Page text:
This was the first time the library had crowdsourced a major project. “That was totally new territory for us,” he says. 

Elsewhere, volunteers like Amber Oldenburg say that the activity transports her to not only a time but a place she might otherwise never experience. “I guess I like getting into records that I maybe would not have exposure to,” she says. “When I’m looking at a Mexican baptismal record, I don’t usually see those on a daily basis.”

Ms. Oldenburg – who is studying family history research at Brigham Young University-Idaho and also conducts historical research for clients – has done most of her volunteer work through The Church of Jesus Christ of Latter-day Saints. One historical record she transcribed that stuck with her was a list of slaves in Louisiana. “You see the master’s name, and then all you see – it was just so heartbreaking. You just see these, just, checkmarks. ‘Ten-year-old mulatto boy’ – you know, no names, nothing,” Oldenburg says.

The current popularity of looking into a family’s past can sometimes motivate her to do one more record, hoping that it will help someone trying to connect the twigs on a family tree. “I think it really does give me more incentive to say, rather than searching Facebook right now, I can be indexing this,” Oldenburg says. “I could be using my time more wisely.”

But can amateurs really do what those trained professionally can? Patricia Delara, an assistant archivist at the GLBT Historical Society in San Francisco and a processing archivist for the Archdiocese of San Francisco, says that transcribing is just a small part of the job. Her duties also include processing collections and helping patrons and researchers, among various other tasks.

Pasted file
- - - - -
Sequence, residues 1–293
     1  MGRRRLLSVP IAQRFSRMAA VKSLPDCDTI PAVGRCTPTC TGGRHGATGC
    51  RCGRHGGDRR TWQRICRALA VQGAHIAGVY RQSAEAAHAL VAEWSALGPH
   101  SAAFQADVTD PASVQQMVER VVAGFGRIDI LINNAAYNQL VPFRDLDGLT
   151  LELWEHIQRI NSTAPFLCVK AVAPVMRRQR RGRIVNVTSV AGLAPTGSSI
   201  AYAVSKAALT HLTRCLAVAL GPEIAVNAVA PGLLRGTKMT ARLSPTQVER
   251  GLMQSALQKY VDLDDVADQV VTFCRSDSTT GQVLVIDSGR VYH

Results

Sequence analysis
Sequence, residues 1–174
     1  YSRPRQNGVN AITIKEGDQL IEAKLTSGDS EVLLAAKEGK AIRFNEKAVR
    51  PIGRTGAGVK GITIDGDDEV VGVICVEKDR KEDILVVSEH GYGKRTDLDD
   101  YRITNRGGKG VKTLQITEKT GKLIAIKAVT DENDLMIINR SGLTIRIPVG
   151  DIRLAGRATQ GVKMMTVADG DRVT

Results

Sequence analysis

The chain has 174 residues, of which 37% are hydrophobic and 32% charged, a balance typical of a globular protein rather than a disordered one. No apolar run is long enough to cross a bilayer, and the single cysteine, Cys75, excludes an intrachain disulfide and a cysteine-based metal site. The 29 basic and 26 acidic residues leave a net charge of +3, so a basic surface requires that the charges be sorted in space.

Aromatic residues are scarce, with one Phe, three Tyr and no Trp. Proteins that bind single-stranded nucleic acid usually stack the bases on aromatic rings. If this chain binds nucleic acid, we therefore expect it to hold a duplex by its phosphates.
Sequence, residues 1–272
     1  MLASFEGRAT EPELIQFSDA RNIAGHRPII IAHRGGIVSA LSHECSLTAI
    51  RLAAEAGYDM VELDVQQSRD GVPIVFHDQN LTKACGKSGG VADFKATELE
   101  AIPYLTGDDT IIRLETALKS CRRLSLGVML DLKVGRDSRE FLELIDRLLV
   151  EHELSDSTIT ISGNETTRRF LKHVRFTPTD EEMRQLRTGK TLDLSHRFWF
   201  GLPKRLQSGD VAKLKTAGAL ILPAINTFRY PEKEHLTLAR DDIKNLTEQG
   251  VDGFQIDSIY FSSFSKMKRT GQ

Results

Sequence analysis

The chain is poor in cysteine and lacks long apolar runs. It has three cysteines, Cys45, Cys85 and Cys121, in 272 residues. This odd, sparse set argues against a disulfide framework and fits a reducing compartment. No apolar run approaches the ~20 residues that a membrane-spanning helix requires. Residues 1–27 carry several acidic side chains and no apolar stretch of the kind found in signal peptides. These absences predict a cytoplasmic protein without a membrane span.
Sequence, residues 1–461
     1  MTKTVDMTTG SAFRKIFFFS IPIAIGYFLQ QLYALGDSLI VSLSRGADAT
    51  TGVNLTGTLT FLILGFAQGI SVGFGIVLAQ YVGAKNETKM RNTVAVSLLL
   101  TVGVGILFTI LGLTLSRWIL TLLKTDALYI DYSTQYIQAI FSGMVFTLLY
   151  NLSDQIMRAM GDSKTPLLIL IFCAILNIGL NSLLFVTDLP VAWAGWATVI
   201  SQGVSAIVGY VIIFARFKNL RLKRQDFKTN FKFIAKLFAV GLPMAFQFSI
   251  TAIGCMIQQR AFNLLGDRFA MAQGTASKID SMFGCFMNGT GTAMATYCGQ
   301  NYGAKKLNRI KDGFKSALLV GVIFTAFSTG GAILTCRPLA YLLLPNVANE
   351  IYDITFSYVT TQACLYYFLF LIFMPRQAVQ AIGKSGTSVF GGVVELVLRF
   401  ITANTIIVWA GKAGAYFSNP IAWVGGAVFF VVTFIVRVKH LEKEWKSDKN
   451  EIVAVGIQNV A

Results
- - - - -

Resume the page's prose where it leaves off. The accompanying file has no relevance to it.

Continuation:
“I’m all for getting the public in and working together for the archives and … bring[ing records] out there, making it accessible...,” she says. “But I think there should be a different way to [refer to] these volunteers, because in a way, having a different name other than ‘citizen archivist’ would also help put more into detail what the archives profession actually is.”

One area that the public, including younger helpers, struggles with is being less familiar with cursive writing. “It’s one of the most amazing things that I have seen as a librarian and as an archivist, is the fact that we have a younger generation that cannot read handwriting,” says Einaudi, whose project offers a primer on historic cursive.  

Despite that difficulty, staff at the Huntington Library are already anticipating tapping volunteers again. “As a result of this, a number of our curators here are extremely excited about the possibility of continuing this and doing new projects with crowdsourcing of material,” Einaudi explains.

When Crook, the volunteer from Ohio, thinks about those whom her work could help, she envisions her transcriptions aiding people who are attempting to find out more about their family tree.

“In terms of other research, I don’t know,” Crook says. “I hope it’s of value. But if not, it’s still interesting to me.”